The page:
- Paperback: 368 pages
- Publisher: Young Picador; Main Market Ed. edition (6 Mar. 2009)
- Language: English
- ISBN-10: 0330458167
- ISBN-13: 978-0330458160
- Product Dimensions: 13 x 2.3 x 19.7 cm
- Average Customer Review: 4.2 out of 5 stars See all reviews (57 customer reviews)
- Amazon Bestsellers Rank: 357,980 in Books (See Top 100 in Books)
Wildthorn Paperback – Unabridged, 6 Mar 2009
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More About the Author
Dark secrets and deep betrayals haunt this extraordinary debut set in a Victorian madhouse
About the Author
Born in Essex, Jane Eagland taught English in secondary schools for many years. After doing an MA in creative writing, she now divides her time between writing and tutoring. Wildthorn is her first novel, inpsired by true stories of women who were incarcerated in asylums in the nineteenth century. Jane lives in Lancashire, in a house with a view of the fells.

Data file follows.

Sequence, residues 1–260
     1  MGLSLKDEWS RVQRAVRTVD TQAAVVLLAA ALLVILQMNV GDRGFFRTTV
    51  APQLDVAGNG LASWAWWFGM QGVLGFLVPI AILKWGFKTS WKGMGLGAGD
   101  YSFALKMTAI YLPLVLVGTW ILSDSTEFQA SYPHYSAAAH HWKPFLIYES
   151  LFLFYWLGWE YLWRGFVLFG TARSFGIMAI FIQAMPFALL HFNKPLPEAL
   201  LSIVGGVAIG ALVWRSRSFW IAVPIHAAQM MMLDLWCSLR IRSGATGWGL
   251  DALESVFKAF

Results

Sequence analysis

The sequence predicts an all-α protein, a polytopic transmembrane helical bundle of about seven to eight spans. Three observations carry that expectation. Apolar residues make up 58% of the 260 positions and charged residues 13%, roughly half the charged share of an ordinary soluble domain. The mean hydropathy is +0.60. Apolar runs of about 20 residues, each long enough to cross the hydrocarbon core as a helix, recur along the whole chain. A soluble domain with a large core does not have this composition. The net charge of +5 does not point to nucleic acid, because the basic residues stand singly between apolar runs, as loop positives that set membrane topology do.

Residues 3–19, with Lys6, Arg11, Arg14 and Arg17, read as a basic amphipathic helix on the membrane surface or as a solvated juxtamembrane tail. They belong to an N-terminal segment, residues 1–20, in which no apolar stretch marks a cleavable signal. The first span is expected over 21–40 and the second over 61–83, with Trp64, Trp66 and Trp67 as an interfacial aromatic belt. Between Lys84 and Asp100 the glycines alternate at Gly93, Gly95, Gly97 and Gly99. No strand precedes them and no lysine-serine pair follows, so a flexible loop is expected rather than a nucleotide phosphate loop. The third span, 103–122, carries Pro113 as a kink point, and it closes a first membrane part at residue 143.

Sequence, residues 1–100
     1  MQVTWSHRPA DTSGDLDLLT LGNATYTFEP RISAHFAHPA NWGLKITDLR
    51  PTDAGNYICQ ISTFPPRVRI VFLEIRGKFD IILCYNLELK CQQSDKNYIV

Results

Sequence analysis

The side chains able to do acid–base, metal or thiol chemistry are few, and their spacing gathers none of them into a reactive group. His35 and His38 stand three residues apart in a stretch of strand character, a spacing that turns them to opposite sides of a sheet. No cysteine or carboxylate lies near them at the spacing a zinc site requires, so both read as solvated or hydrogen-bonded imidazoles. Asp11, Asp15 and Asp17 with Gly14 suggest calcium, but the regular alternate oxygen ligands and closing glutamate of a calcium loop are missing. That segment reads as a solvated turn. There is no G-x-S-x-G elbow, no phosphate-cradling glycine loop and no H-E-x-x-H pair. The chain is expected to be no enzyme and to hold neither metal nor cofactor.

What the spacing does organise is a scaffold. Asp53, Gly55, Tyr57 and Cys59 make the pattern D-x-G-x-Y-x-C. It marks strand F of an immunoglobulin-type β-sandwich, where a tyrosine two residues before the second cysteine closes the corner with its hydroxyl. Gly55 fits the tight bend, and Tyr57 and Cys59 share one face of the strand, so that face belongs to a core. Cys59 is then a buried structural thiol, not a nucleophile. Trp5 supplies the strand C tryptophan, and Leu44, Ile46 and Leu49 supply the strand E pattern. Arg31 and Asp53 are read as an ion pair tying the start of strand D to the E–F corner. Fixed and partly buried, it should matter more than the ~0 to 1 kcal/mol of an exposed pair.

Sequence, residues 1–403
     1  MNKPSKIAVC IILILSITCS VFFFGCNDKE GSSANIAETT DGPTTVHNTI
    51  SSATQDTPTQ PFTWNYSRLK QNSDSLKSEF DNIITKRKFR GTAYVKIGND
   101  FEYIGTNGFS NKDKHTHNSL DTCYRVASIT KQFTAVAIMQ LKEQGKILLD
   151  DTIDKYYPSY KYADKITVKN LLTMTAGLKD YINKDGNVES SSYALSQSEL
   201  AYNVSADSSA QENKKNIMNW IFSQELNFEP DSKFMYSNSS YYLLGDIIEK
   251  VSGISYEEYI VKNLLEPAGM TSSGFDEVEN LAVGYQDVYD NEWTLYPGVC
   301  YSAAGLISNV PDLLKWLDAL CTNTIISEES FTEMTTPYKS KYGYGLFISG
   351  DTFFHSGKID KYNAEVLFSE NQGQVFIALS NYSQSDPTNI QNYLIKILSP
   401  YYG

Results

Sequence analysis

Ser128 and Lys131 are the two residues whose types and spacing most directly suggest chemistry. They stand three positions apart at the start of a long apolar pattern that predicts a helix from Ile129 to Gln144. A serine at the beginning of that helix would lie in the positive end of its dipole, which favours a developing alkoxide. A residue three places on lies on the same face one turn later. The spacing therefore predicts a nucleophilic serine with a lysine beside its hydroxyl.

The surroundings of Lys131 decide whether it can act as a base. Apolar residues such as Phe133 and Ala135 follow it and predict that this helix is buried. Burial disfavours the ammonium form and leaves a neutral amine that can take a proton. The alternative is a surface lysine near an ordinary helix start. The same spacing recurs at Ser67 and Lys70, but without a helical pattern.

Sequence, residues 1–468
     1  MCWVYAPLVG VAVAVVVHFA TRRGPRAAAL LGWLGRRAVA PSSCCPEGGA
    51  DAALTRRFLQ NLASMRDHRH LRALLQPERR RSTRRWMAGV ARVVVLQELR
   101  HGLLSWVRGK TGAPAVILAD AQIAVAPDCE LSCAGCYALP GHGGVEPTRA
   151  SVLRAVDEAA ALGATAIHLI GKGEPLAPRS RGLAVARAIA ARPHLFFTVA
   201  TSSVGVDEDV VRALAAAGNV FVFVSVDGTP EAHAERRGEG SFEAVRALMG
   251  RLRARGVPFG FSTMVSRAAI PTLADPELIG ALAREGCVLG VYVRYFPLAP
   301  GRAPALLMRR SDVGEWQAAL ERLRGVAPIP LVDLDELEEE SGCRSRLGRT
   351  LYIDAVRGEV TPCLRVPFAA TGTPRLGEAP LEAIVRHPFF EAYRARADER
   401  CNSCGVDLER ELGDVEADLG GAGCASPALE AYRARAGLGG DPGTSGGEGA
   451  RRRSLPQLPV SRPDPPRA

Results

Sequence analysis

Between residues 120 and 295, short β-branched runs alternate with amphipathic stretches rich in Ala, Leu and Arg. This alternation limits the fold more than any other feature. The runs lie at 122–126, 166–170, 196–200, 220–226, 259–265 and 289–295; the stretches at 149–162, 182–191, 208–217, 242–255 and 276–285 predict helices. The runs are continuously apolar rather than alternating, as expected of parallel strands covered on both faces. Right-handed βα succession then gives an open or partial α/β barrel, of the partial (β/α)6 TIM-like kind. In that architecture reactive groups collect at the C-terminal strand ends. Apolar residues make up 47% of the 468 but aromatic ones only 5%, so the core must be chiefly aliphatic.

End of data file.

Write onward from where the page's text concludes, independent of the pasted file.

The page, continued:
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Top Customer Reviews
The promise of feminist overtones against the backdrop of Victorian England, and a mental asylum, was what peaked my interest. I studied a little of the treatment of Victorian mental patients in Psychology but to read a book concerning the main character's unjust incarceration in an asylum was horrific. The hatred I felt for the characters responsible for the cruelty at the asylum, and for the ones responsible for sending Louisa to the asylum was scarily real. The unfairness of her situation had me so riled, I had to quickly read the end of the book to see if she had a happy ending (which I've never done before).